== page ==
So Ramaphosa’s capitulation is complete. He is, as Americans say, “not going nowhere”. Former African National Congress MP and now leading light in the SA First Forum, Vytjie Mentor, posted on Facebook today: “I told you Cyril is a coward.”
As for Zweli Mkhize, much mentioned as a possible alternative candidate for the “good guys’ – if there are any in the ANC elected ranks anymore – as president of the ANC one day, has also done a volte face.
Mkhize suggested that Zuma had pretty much gone on his own tack. He is quoted from a statement as saying that “unlike previous consultations which take place with senior officials of the ANC during such appointments, and changes to the composition of the national executive, the briefing by the President left a distinct impression that the ANC is no longer the centre and thus depriving the leadership collective of its responsibility to advise politically on executive matters. Ordinarily this is how leadership takes collective responsibility for decisions made.”
It is suggested in The Times that elements in the ANC national working committee called for the three – including Mkhize – to apologise. It is not clear whether this actually happened, but it is clear that they did, indeed, back down on their resistance to the way the reshuffle of 20 members of the executive was carried out by Zuma.
Meanwhile, Peter Attard Montalto of Nomura has suggested that there is a slim chance of Zuma ‘exiting’ the political stage. A vote of no confidence in parliament would probably not muster the 201 votes in the national assembly – as it was unlikely that members of the ANC would abstain or stay away in sufficient numbers or would side with the opposition. A no-confidence vote would see most opposition parties voting together and maybe one or two smaller ones that in reality are strongly aligned to the ANC (and Zuma especially) voting against, says Montalto. “We would see the ANC achieve a majority against the motion with maybe 210 votes or so (out of 400 in the national assembly), with a chunk of 30 ANC votes maybe abstaining. It is possible that we could see a simple majority vote for no confidence if there were a larger number of abstentions by ANC MPs, but this would not pass under the rules of the house and constitution.
The political focus now falls on the SACP members in the ANC caucus in parliament. It is believed there are fewer than 20 of them in all – but six of them are cabinet ministers including Blade Nzimande, the Minister of Higher Education and SACP secretary general, and another three are deputy ministers, including fired deputy Finance Minister Mcebisi Jonas.
What we do know is the deputy SACP secretary general Jeremy Cronin has expressed his party’s unhappiness with the reshuffle last week. His party, together with Cosatu – the other part of the tripartite alliance – have called on Zuma to resign. Cronin, interviewed on eNCA said the following: “We are not alone in this matter,” he said, noting that the integrity committee had also called on Zuma to resign. He said there had been a meeting on Tuesday where he believed the integrity commission had probably taken a similar position. “We have seen the rallies around the memorialising of Comrade Kathrada’s passing… and many other events that are happening. The party is not alone. We want to be connected up to this broad raged of alliance related forces and then a swider range of social movements.”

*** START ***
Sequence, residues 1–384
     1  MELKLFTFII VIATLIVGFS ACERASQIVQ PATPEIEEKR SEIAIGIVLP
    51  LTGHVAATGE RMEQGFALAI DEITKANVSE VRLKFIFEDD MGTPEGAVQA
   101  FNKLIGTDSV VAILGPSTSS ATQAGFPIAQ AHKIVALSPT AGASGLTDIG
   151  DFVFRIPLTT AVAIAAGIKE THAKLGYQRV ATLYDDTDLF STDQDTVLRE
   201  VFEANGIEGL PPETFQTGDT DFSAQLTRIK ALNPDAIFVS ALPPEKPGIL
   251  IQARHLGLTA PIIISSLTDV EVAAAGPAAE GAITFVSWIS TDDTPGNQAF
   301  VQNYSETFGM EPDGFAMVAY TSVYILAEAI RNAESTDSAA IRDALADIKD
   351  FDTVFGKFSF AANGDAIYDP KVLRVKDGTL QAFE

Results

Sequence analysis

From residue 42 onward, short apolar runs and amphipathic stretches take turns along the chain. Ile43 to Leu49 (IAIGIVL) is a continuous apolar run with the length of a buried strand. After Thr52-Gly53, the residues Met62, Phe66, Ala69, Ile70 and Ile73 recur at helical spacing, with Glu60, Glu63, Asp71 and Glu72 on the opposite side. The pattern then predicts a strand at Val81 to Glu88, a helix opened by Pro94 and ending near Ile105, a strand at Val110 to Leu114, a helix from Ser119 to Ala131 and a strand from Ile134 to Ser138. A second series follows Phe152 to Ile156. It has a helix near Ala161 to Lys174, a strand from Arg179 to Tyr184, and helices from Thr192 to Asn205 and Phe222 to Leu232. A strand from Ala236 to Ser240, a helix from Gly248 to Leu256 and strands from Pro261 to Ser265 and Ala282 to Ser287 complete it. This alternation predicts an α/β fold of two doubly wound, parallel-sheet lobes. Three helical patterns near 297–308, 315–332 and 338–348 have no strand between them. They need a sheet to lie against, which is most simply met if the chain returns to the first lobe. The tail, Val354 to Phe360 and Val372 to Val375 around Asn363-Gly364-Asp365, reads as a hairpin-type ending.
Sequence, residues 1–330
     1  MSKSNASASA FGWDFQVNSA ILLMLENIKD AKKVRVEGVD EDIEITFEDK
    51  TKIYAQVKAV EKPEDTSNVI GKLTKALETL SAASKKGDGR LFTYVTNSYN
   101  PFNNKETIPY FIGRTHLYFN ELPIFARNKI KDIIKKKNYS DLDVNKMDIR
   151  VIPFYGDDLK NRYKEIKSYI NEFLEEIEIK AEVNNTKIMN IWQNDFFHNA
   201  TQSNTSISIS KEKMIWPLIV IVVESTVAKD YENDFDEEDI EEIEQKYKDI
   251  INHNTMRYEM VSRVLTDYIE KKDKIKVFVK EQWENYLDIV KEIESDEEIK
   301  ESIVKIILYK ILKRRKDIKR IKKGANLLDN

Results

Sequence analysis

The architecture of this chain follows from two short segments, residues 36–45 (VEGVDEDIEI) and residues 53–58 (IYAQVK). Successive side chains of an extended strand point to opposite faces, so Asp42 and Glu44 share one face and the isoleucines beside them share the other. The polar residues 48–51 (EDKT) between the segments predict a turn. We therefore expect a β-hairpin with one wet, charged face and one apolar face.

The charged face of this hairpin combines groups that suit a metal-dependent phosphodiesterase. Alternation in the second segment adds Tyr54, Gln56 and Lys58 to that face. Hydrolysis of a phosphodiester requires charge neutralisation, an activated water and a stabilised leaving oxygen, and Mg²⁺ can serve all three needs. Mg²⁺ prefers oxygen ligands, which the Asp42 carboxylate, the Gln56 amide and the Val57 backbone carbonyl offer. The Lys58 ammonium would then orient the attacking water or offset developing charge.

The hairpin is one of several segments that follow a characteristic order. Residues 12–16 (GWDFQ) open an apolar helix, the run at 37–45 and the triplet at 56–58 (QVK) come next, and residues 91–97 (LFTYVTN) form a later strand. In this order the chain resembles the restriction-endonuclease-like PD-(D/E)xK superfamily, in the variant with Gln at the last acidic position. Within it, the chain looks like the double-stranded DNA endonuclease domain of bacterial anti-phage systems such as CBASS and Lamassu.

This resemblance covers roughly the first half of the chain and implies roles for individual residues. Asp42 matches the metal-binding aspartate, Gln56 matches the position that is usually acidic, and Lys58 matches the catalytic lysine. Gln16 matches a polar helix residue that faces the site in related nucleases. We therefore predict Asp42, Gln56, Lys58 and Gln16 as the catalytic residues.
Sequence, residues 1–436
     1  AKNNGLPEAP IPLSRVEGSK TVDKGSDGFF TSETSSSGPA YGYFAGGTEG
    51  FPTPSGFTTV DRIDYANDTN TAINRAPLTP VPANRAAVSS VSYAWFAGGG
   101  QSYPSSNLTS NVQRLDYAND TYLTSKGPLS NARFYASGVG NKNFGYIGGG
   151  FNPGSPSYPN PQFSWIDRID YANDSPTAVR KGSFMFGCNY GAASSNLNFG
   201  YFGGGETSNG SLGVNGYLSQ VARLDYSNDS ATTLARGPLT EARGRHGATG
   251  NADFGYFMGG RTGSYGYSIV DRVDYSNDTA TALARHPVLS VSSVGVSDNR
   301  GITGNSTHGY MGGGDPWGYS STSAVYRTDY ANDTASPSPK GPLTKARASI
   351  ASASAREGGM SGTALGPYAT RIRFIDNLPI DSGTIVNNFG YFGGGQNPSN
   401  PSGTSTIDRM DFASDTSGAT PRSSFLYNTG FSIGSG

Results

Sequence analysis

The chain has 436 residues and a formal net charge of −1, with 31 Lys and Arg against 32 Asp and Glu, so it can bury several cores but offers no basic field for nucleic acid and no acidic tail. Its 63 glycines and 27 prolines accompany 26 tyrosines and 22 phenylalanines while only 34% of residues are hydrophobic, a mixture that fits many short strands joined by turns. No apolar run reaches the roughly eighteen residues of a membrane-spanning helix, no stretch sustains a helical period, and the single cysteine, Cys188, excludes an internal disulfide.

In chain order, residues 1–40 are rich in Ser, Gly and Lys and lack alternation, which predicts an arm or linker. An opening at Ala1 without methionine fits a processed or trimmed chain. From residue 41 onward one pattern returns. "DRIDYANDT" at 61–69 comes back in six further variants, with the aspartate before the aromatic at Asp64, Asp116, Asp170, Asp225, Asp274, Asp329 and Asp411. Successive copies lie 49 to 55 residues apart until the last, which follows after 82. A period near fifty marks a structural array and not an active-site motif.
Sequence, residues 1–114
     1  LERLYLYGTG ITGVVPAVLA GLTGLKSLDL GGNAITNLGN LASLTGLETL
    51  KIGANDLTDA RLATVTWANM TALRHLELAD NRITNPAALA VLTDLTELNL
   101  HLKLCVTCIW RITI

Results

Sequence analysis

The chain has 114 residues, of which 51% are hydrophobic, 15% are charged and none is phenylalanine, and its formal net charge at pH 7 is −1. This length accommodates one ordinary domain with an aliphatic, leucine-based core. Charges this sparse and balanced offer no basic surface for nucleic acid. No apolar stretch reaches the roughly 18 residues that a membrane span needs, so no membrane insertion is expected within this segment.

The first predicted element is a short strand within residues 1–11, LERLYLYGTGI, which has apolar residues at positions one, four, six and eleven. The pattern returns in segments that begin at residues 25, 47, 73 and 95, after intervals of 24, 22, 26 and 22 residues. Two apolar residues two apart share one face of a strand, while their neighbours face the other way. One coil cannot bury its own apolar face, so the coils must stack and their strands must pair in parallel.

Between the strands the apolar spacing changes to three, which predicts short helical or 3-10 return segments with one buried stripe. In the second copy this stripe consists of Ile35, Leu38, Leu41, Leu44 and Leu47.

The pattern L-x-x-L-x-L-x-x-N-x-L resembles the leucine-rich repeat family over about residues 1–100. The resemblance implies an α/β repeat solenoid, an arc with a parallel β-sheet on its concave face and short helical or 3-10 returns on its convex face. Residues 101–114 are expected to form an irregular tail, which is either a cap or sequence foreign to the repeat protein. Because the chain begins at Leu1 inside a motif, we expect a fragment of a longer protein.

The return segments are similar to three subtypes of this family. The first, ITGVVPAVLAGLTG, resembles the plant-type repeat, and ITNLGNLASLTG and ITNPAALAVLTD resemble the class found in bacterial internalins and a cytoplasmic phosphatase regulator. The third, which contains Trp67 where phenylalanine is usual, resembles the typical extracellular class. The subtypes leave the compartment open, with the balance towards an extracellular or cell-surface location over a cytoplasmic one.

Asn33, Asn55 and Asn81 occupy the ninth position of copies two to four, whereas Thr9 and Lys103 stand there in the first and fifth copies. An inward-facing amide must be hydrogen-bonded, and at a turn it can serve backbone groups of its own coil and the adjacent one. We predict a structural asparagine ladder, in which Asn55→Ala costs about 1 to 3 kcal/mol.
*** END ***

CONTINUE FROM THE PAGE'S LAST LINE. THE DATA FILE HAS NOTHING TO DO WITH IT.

The Times reported that the SACP appears to retain its opposition to Zuma. Its spokesman Alex Mashilo said the SACP rejected “as baseless the allegation that the party leaked information from its bilateral engagements held last week with the ANC and thereby breached confidentiality commitment”. The party said the leak “clearly came from the ranks of the ANC … and sought to portray the SACP as if the party had agreed to the reshuffling of the former Finance Minister…” (Cape Messenger reports that the vote of no confidence is scheduled for 18 April)
Cosatu too said it had lost confidence in Zuma, but it is not clear how pivotal this opposition will be in ANC structures where it counts. The federatoin’s general secretary Bheki Ntshalintshali said the ANC was capable “to fill that position (of President Jacob Zuma).” The president was “not indispensable” and Zuma should step down.
Former Finance Minister Pravin Gordhan has spoken out against the Gupta family corrupting government. He said that if the judicial and investigatory arms of government were working properly those responsible for attempting to bribe axed deputy finance minister Mcebisi Jonas to take the finance job – to the tune of R600 million – should already have been jailed. Gordhan told a memorial service on Wednesday for Kathy Kathrada that it was imperative that he now speaks out.
But for all the noise from the alliance partners – and a little bit of noice from ANC insiders like Gordhan – it now looks like the pitched battle between the Zuma and the anti-Zuma faction is petering out. The Zuma faction appears, for the moment at least, to have won the upper hand.